Disclaimer: BBC owns her, Jim Henson owns him. No money is being made from this, blah, blah.

Notes: I owe this one especially to the lovely RedStarRobot, who pointed me towards a Blake's 7 rpg. Too much of one thought, not enough of the other? Hrm. Anyway. This one's something that poked at me till it was written.

SPOILERS! MAJOR spoilers for the last season of Blake's 7 (or, the end of the third...), and a bit of spoilers for Farscape as well (third season, again).

It Was Summer...

by Ana Lyssie Cotton

He wasn't where he was supposed to be. Intrinsically, he knew that. Knew it was the wrong time, the wrong dimension, the wrong space. But she wasn't supposed to be here, either. And he could feel her, screaming forever into nothing until the silent oblivion of death seemed like life.

The snow was cold, and should have crunched but he wasn't really there, and so it didn't.

Wind blew through where he would have been. It failed to ruffle the slowly-growing hair on his head.

None of them noticed him--not that they might have, anyway. Tarrant was half-unconscious, Vila was struggling with the fire and Avon was staring bleakly at Orac. Dayna stood to one side, her eyes distant, as if not realising where she was would help her to forget, to ignore the explosions that had shattered her world.

Their world. Not his.

He moved on, drifting ever closer to the now smoking and ruined hulk of the underground base. A cliche, really. Only the bad guys ever had underground lairs, Scorpius had preferred the cold. Stark had dealt with it.

It had been another shield against the madness of the Aurora Chair. Another piece to the unraveling tapestry of his mind under its constant assaults.

The bunker was now uninhabitable, yet he went in, drifting down the passage to where she lay. Her body was small, crumpled in a way normal bodies shouldn't. A testiment to the efficiency of the bombs that had destroyed this place. Stark wasn't a doctor, merely a Stykeara. He knelt in the rubble, ignoring the way his knee went through it. And touched her face.

Her screaming stopped.

"It's all right." Soothing, so gentle and careful. It occured to him that Crichton would have just left this woman, assuming her dead. Stark liked Crichton, but the human was sometimes so terribly short-sighted.

Barely, her voice came to him. "Who are you?"

"I'm Stark." He brushed a chestnut curl back from her forehead, ignoring the reddish streaks of blood and burnt patches of skin. "It's not going to be all right."

"...Know. Yes." There was a wry humour in her tone, and he wondered if she was really speaking, or if this came from elsewhere, the way Zhaan's voice sometimes did. "I thought you were supposed to lie. Tell me it all will be ok."

He shook his head and touched her forehead again. "I can't do that, you know. But I can help."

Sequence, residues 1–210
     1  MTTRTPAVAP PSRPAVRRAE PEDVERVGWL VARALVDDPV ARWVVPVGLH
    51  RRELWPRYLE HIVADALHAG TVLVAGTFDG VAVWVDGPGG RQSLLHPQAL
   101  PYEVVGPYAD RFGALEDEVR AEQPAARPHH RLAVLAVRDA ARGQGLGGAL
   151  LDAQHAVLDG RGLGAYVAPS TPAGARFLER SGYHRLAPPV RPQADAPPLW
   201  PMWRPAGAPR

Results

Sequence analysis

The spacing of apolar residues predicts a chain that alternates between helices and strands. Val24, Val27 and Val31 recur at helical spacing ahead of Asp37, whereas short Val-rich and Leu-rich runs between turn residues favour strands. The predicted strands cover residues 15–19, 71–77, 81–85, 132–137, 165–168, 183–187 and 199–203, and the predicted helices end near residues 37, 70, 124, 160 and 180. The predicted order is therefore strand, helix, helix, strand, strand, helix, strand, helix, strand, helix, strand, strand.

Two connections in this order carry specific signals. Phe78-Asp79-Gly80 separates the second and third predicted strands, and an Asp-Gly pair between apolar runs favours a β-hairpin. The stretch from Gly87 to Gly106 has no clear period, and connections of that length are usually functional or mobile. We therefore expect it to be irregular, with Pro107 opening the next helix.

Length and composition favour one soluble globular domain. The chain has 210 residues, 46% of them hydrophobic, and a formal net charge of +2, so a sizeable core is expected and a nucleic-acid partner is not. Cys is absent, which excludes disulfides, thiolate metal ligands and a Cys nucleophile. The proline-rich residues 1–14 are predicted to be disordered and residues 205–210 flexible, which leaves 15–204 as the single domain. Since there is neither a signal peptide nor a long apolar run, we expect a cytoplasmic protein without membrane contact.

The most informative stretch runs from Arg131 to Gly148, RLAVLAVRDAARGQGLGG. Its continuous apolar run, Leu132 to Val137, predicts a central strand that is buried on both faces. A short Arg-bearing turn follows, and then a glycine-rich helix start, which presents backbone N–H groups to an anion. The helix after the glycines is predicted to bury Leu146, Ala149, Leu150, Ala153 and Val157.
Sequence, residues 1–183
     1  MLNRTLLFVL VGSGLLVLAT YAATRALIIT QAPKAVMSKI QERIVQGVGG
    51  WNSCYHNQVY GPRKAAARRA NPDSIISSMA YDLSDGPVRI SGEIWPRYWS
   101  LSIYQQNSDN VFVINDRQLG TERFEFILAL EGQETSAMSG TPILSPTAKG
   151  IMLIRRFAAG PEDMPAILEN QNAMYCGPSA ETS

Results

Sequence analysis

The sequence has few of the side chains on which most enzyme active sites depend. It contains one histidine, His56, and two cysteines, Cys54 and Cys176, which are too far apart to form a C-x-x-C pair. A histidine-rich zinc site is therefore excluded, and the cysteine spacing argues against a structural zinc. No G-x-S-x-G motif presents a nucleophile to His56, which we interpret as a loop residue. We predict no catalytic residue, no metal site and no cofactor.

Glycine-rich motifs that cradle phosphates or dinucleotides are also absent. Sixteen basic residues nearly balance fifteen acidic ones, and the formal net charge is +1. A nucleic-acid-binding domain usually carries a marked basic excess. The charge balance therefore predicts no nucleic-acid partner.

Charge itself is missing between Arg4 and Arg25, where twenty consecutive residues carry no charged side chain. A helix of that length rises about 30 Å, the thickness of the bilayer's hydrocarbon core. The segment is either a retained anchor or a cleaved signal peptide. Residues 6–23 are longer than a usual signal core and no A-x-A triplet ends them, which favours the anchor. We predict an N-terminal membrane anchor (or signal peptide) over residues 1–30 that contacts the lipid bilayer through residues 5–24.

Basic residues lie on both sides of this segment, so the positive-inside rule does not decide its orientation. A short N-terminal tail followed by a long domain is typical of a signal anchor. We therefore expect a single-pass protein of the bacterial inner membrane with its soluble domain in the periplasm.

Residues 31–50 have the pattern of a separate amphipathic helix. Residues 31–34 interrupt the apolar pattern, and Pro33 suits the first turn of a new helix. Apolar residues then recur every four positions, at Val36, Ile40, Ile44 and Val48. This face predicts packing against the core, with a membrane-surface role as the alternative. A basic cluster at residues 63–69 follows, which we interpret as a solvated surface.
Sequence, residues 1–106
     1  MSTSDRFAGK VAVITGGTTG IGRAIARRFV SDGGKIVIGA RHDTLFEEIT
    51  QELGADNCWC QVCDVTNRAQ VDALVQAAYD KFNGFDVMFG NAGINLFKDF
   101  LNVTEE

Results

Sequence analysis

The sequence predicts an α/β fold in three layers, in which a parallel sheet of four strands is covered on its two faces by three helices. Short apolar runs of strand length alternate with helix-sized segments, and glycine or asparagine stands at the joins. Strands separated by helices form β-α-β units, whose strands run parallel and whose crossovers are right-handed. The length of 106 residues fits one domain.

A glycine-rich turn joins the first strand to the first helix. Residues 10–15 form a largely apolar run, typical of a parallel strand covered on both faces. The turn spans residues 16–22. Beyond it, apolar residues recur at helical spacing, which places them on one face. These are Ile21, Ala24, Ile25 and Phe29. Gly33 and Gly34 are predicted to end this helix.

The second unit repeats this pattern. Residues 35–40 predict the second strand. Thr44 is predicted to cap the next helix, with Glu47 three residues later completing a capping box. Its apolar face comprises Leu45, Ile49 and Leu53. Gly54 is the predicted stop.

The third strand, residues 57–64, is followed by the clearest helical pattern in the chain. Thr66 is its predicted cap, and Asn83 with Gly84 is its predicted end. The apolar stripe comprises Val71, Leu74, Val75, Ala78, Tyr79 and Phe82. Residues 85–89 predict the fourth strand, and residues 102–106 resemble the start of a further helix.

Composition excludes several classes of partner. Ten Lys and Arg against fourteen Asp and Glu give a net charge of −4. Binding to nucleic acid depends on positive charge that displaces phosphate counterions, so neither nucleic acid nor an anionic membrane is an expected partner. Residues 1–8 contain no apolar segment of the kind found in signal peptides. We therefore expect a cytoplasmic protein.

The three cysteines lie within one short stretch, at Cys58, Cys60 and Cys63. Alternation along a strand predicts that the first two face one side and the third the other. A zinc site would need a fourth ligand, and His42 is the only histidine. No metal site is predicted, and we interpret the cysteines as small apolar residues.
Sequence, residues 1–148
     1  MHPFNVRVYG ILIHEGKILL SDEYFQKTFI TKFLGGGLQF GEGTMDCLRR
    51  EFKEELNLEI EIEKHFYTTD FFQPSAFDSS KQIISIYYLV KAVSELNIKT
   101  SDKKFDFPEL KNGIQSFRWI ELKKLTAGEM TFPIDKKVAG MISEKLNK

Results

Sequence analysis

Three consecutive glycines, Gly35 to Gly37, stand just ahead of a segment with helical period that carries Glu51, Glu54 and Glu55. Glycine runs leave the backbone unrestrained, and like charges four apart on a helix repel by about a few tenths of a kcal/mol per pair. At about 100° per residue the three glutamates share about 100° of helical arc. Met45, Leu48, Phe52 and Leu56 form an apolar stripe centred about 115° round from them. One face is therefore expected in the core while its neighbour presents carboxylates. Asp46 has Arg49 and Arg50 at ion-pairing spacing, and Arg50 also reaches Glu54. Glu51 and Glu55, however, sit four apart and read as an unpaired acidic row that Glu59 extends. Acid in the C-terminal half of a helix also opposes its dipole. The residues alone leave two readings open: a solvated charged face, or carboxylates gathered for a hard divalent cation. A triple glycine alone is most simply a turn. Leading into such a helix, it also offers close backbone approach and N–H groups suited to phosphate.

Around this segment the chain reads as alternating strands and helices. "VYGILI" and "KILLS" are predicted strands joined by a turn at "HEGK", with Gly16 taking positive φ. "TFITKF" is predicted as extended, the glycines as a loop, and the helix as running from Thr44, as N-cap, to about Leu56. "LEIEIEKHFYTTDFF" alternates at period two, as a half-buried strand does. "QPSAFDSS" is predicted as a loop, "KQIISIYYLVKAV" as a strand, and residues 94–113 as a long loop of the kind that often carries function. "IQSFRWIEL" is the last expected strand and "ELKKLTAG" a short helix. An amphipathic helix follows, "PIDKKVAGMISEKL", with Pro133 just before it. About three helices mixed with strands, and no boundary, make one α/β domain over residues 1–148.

"I don't want to die."

"No one does, you know." Except for Zhaan. He closed his eyes for a moment, remembering her utter calm and joy as the moment came to her. That lasting peace that she'd passed to him. And he had slowly ignored it, buried it because it hurt too much to believe she had left him alone, and been happy about it.

And he had gone searching for her.

Had it been because he wanted to get away from Aeryn? Her very real pain at the death of her beloved had been so like his--and she had been so like Zhaan, at times. It had almost hurt to see her with Crichton.

Or maybe it was Crais, or Talyn, or simply that he was sick of them all.

"I shouldn't have to die like this." But there was something in her voice that made him shift closer.

"What way should you die?"

"Bravely--for a cause. Not like this, lying shattered due to our own hubris."

"Your own, or someone else's?"

"It's not meant to be like this--Blake is supposed to win--we're supposed to--" She stopped, the bitterness in her tone seeming to startle her. "I... I knew this, once."

"Did you now," Stark stroked her head gently and sighed. "I have seen many deaths, none of them have been earned, or just. Even those I would gladly kill do not deserve it, in the end."

"Death is a great equaliser." Her head shifted away from him. "I knew that long ago. How did I forget it?"

"You had something to live for."

"Did I? Or was I merely fooling myself--were we all fooling ourselves that there was something better." She sighed. "I should be grateful if you would leave me to die as I should. Alone and bitter to the end."

"You're not alone." He found her hand, tried not to wince at the mishapen and distorted fingers. "I'm here."

"And it won't be all right." She turned her head to look at him one last time. The effort cost her more than she had thought it would. "I'm Cally. Will you sing my name to the stars?"

"They will hear you."

"Then I shall be content in that."

For a moment, the entire dimension paused, held itself, and then it released a breath. Stark's ephemeral hand closed Cally's sightless brown eyes, and he bowed his head. "Goodbye, Cally."

The resonant tones of his voice echoed outwards, and then he was gone, disappearing as dust continued to sift down gently from above, creating whorls and patterns on the small corpse it buried.